Sunday, February 14, 2010

Torchwood: The Children of Earth

The third season of the Doctor Who spinoff Torchwood was something of a surprise in that it's only five episodes and only tells one story. At first I thought Children of Earth was just going to be a padded one hour episode, and in terms of plot, it pretty much is. Basically an alien race known to Earth as the 4-5-6, named after the frequency they use to contact us, delivers an ultimatum. Give the 4-5-6 ten percent of our world's children or they will kill everyone on the planet. Pretty standard Doctor Who plot. But this time the Doctor is nowhere to be seen, leaving things up to the remnants of the Torchwood team, who lost two of their members at the end of the second season.
But, what makes this mini series work is that rather than just filling the four or so extra hours needed to defeat the bad guys with mindless action, we get character studies of just about everyone involved, not only the three remaining Torchwood members, but all the supporting characters. In this way, Children of Earth is more like a novel. There's room for characterization here and the writer, director, and actors make good use of it.
Thing is, without the help of the extra-terrestrial Doctor, there are no quick answers to stopping the 4-5-6, leaving the governments of the Earth to make some very cold calculations indeed. It doesn't help that the British government is trying to cover up a dirty secret about the 4-5-6 by killing everyone involved, which includes the un-killable leader of Torchwood Captain Jack Harkness. But even Harkness's Lazarus like abilities are put to a test this time, reminding me of some of the stuff Marvel Comics did with Wolverine a few years ago. What happens when you use a bomb to blow up an indestructible man? It ain't pretty, I can tell you.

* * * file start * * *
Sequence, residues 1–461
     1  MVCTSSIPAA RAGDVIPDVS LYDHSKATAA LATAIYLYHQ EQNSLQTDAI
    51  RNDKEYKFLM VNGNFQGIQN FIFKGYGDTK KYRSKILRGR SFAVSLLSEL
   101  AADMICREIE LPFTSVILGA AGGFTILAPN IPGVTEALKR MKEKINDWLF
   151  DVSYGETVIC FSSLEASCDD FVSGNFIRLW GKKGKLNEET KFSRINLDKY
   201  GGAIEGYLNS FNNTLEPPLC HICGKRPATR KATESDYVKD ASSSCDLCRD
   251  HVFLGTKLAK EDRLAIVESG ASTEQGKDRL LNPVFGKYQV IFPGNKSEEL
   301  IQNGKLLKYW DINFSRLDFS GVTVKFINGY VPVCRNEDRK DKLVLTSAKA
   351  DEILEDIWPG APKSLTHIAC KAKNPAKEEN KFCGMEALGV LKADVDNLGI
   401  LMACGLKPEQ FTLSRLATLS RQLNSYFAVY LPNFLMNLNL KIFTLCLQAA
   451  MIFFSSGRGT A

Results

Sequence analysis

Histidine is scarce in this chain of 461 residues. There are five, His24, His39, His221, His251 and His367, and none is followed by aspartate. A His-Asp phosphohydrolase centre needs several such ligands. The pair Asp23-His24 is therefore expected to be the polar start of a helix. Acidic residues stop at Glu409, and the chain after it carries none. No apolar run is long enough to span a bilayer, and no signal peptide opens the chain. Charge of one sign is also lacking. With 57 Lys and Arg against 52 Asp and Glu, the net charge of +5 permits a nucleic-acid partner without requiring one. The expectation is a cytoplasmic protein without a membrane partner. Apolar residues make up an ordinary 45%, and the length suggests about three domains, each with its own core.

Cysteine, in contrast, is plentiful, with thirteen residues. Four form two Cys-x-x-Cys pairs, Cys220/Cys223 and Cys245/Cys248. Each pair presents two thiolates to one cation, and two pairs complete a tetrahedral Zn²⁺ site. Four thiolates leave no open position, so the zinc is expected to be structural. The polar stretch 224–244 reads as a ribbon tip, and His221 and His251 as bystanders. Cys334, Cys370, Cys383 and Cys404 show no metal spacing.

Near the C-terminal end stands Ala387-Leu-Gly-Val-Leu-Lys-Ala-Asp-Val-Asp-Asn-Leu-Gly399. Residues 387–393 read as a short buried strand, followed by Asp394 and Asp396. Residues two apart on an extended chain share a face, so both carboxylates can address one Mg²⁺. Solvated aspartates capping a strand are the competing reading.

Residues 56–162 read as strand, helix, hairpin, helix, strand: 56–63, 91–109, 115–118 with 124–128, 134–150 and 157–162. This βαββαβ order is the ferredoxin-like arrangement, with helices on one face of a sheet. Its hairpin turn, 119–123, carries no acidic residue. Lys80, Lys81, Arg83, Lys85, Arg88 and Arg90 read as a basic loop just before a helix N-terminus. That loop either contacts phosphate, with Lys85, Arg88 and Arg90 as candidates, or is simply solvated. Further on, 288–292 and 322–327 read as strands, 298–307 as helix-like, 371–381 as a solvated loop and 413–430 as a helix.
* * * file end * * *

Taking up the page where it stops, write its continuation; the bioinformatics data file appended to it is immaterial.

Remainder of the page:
The producers of Torchwood take their cast into darker territory than ever in this series and I was impressed that they rarely pulled any punches or backed away from the terrible repercussions that came with the decisions that heroes and villains alike were forced to make.
Anyway, I enjoyed Children of earth, but it did leave me feeling a bit depressed. If you decide to watch it, make sure you have some feel-good DVDs handy afterwards. This ain't a story with happy endings.


johns said...
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Bentochan said...

COE sort of broke my feelings for Torchwood. I still love the first two series, but there are times I don't even want to think about the show at all.

Charles R. Rutledge said...

I know just what you mean. It almost seemed as if it wasn't the same show at all. A gutsy move, but I don't know that it was the right one. I miss a lot of the fun from series 1 and 2. It also seemed that it was written as a possible end to the show so perhaps we won't see any more Torchwood, at least in this incarnation.